LIMA — In September 1943, the Allies gained a toehold on the Italian mainland while Soviet troops pushed west toward Germany. But D-Day was still nine months off; Nazi troops were rounding up Jews in Belgium and France and U-Boats still prowled off the East Coast. The United States had been at war for nearly two years and would be for nearly two more.
That month, at Camp Stewart, Georgia, pretty, dark-haired Mary Spinnati, graduate of Lima St. John’s High School and former employee of Nesbitt’s Candy Shop in the Public Square, became the wife of Sgt. John F. Dooley, of Waterbury, Connecticut. Dooley, The Lima News noted in announcing the marriage on Sept. 13, 1943, had just returned from a year’s active service in North Africa.
Spinnati’s wedding was part of a tidal wave of marriage during World War II as couples with no guarantee of a future rushed to the altar. U.S. marriage rates, which began a precipitous rise with the institution of a military draft in September 1940, skyrocketed after Dec. 7, 1941.
In Lima, Emmaline Maud Stines Crockett, Lima’s first registered nurse and enthusiastic cataloguer of local history, began clipping engagement and wedding announcements from The Lima News.
“Grandchildren of World War Two brides of Allen County and Lima may view with interest and curiosity in years to come the styles that were popular in ‘grandmother’s’ day, when they visit the display rooms of the Allen County Historical Society,” the News wrote in December 1945. “Newspaper accounts of weddings with the accompanying bride’s picture have been saved by Mrs. Charles Crockett, 77, of 518 W. Wayne St., through the past few years as a hobby.”
The four scrapbooks containing the yellowed newspaper clippings date from early 1942 into 1946 and give a glimpse into a life where the definition of normal had been turned on its head. For most young couples, the wedding and honeymoon would not be followed by setting up housekeeping. The groom, and at times the bride, would be returning to the military soon after the wedding. Normal married life was put on hold.
In the summer of 1939, Herbert Woodten was playing minor league baseball for the Lima Pandas of the Ohio State League. On April 5, 1942, Woodten married Marie C. Hetrick, who was graduated from Columbus Grove High School, attended Northwestern School of Commerce and worked as a secretary at the Allen County Health Department. “Sgt. Woodten is a graduate of Sea Cliff high school, Long Island, New York, and was engaged in professional baseball before his induction into the Army,” the News wrote. “He is now stationed at San Francisco.” Woodten, by then in his early 30s, would play for the Lima Terriers following the war.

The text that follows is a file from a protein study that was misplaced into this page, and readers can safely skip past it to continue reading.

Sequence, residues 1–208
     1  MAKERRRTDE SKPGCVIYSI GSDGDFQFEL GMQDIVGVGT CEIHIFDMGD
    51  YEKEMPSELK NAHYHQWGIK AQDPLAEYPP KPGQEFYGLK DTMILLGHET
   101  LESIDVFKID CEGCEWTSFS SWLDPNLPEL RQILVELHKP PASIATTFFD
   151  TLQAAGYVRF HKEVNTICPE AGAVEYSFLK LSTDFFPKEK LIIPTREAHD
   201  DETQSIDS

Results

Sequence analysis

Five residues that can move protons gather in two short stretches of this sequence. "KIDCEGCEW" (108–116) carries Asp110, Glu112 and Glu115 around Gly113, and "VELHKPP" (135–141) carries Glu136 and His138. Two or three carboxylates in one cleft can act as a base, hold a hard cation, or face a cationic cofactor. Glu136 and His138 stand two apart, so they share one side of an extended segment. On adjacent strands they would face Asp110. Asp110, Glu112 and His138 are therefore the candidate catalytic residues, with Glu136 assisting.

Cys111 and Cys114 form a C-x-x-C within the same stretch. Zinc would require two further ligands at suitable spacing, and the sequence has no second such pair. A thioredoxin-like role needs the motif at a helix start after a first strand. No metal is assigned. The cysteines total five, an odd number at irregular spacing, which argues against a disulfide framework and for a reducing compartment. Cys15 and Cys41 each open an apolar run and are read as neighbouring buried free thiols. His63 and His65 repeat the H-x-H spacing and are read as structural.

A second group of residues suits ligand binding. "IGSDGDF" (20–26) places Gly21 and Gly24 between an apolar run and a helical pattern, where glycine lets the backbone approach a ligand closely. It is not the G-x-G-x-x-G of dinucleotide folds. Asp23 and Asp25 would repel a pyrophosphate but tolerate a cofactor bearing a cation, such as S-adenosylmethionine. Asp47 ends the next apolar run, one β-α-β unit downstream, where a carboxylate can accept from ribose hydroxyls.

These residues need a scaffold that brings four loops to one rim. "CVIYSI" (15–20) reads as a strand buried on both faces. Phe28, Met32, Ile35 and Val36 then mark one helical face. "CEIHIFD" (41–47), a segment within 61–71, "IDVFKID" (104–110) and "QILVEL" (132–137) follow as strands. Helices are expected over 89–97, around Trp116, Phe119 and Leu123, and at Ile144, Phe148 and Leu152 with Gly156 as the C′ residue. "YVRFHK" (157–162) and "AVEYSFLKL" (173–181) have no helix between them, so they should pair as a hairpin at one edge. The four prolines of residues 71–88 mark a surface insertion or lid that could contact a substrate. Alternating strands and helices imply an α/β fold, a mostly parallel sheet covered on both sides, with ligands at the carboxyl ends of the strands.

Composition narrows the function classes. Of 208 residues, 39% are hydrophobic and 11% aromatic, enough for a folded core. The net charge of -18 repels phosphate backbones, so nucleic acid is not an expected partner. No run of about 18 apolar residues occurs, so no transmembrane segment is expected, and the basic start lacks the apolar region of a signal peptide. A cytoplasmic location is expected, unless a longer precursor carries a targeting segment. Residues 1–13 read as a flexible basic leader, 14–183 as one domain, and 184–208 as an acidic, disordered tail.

Likewise, after Sgt. David Weaver, of Lima, married Eleanor Luyet, of Rossford, in December 1943, the News noted that Weaver, an aerial gunner, “has returned to Hammer Field (California) where he is stationed with the air force.”
As the war wore on, more and more brides also wore military uniforms. “Mr. and Mrs. Charles Leppla, Route 4, are announcing the engagement of their daughter, Sgt. Helen Pauline Leppla, WAC, to Sgt. Thomas P. Foard, U.S. Army, son of Mrs. Fred T. Foard, of near Hickory, N.C., and the late Dr. Foard,” read an announcement from July 2, 1944. “She joined WACs on Sept. 1, 1942, and is now assigned to the motor pool as supply sergeant at Fort Oglethorpe, Georgia.”
In September of that year, Navy Ensign Ruth Ann Reinman, of Leipsic, married Navy Yeoman Carl Koch Jr., of Lima, while Navy Seaman First Class Freda Mae Stiles, of Waynesfield, wed Marine Corporal Reuben Davis, of Jerseyville, Illinois.
Marriages between U.S. servicemen and foreign women, particularly English women, became common. In the fall of 1944, Private Vernon Winfield Stebleton, an Army paratrooper from Lima, married Nancy Cheshire of Leicestershire, England. The groom, the News noted Oct. 1, 1944, attended South High School and had seen action in the European and Mediterranean theaters of operation. “The bride’s father was killed two years ago while serving with British forces,” the story added.
In the year following the end of the war, many of these women arrived in Lima to be with their husbands. In March 1946, the news interviewed Mrs. Vera Houlker Caskey, the English wife of Bernard Caskey, a former Army staff sergeant. They were married in England in July 1944.
“Her trip over was very exciting, she claims, one of its most thrilling features being the entrance into New York harbor and the view of the State of Liberty,” the News wrote. “It is indeed a thrill I shall long remember.”
Reach Greg Hoersten at email@example.com.